I think he would be both stunned and feel vindicated. Today, the pseudo-event rules the air-waves, especially on the rolling news channels where leaks are immediately turned into news stories and endlessly repeated because they have to fill up airtime – and to suit their political agendas, as with the FOX news network. Obama’s entire presidency as told by FOX has been one long series of pseudo-events.
Boorstin also talks about the human pseudo-event, which is essentially the creation of celebrities whose fame is due neither to talent or any other special quality but simply to the fact that they become well-known. Sound familiar? Boorstin nailed this before the emergence of reality television and the full flowering of celebrity culture. He clearly put his finger on some cultural trends which have really gone stratospheric in recent years.
Your next pick is a provocative collection of essays on photography. Tell us more.
One thing Susan Sontag and Pauline Kael have in common is that they take the culture of everyday life and instead of just letting it pass unnoticed – like part of the furniture of our ordinary experience – they ask about its significance. And like Boorstin, Sontag sees things coming. For example, she was the first to make the claim, which at the time was very controversial, that photography is misleading and seductive because it looks like reality but is in fact highly selective. It’s easy to see that painting represents the artist’s point of view but a photograph looks like real life. In fact, it embodies art and choice no less than a painting, in capturing what the photographer chooses to capture.
“They take the culture of everyday life and instead of just letting it pass unnoticed – like part of the furniture of our ordinary experience – they ask about its significance.”
Of course, this is even truer today than when Sontag wrote, as photographers – and even ordinary people creating family albums – have at their disposal digital technology that can make significant alterations while seeming utterly real. Teenagers leafing through fashion magazines expect skin to be without pores or blemishes, lines are erased from the faces of movie stars, cellulite doesn’t exist on the bodies of models. Sontag lived long enough to see the emergence of digital technology but not to see how it has taken over photography — and turned it into a far more deceptive art than even she predicted.
Another provocative and prescient idea Sontag had in this book is the way in which taking a picture is predatory. By this she means that instead of living reality, we try to capture it. When we see something shocking or beautiful, our first impulse is to get out the camera. And today, of course, we have people who make careers of doing this, and some would describe them in exactly Sontag’s terms – predators. Sontag doesn’t write about tabloid culture but she gives us the ideas that help us to understand it. And Pinterest, for that matter!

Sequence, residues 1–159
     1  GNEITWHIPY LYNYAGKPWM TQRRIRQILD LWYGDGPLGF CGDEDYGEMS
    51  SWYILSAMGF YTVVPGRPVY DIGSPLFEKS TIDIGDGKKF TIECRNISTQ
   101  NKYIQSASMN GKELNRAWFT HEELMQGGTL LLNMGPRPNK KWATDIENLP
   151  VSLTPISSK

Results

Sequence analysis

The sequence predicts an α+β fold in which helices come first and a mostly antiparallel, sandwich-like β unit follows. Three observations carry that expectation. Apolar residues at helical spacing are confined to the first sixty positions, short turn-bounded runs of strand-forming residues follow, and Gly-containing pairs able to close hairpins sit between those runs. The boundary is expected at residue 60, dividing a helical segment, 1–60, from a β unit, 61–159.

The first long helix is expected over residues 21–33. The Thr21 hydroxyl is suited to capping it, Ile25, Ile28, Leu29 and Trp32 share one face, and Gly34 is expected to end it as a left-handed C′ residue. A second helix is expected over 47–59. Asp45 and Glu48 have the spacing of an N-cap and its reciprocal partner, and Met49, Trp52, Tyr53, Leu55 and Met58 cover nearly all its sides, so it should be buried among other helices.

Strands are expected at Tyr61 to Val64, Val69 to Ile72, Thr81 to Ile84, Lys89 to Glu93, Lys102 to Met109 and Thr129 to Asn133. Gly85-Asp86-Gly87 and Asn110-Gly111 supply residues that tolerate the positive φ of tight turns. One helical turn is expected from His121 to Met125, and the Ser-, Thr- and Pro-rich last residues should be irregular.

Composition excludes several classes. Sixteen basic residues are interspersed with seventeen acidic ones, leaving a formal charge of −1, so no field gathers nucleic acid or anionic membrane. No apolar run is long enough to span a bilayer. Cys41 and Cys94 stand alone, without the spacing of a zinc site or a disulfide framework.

Let’s turn to your final choice now which is a compelling and unique work than took the author 13 years to complete.
This is an amazing book. Like all the books I love, it gets the reader to see the world with fresh eyes. But Maus is also unusual in the way it combines a deeply serious topic with a genre not usually taken very seriously. It’s about the Holocaust. It’s also a comic book, in which the various characters are depicted as animals – the Jews as mice, the Nazis as cats etc.. The combination of a comic book and the Holocaust itself is startling. But on top of that, Speigelman breaks another taboo in moving back and forth between the story of his father, who was a Holocaust survivor, and his current relationship with him, which is full of resentment and complaints. The notion that an author writing about a Holocaust survivor would include unflattering portrayals was shocking to many. But for many more—the book has won numerous prizes and been translated into many languages—a bracing reality had challenged a soothing but dishonest sentimentality.
Spiegelman brings up the older brother he never knew who died during the war and his resentment at the way his parents seemed to mythologise him as this boy who could never do any wrong.
I’m Jewish myself and have known children of Holocaust survivors and they almost all have a certain kind of guilt at their own success in life after what their parents had to live through. I think the brother who died in the book functions in that way for Art Spiegelman. The book is so honest. It’s so clear eyed. It steadfastly refuses to do the politically correct thing about the Holocaust. It wants to tell what Spiegelman sees as the truth and that includes not only the horrors his father went through, but also the obsessions and phobias it left his father with which he, as his son, has to deal with.
The idea that a comic book could make you cry is extraordinary. I didn’t cry when I went to see Schindler’s List, but Maus made me cry.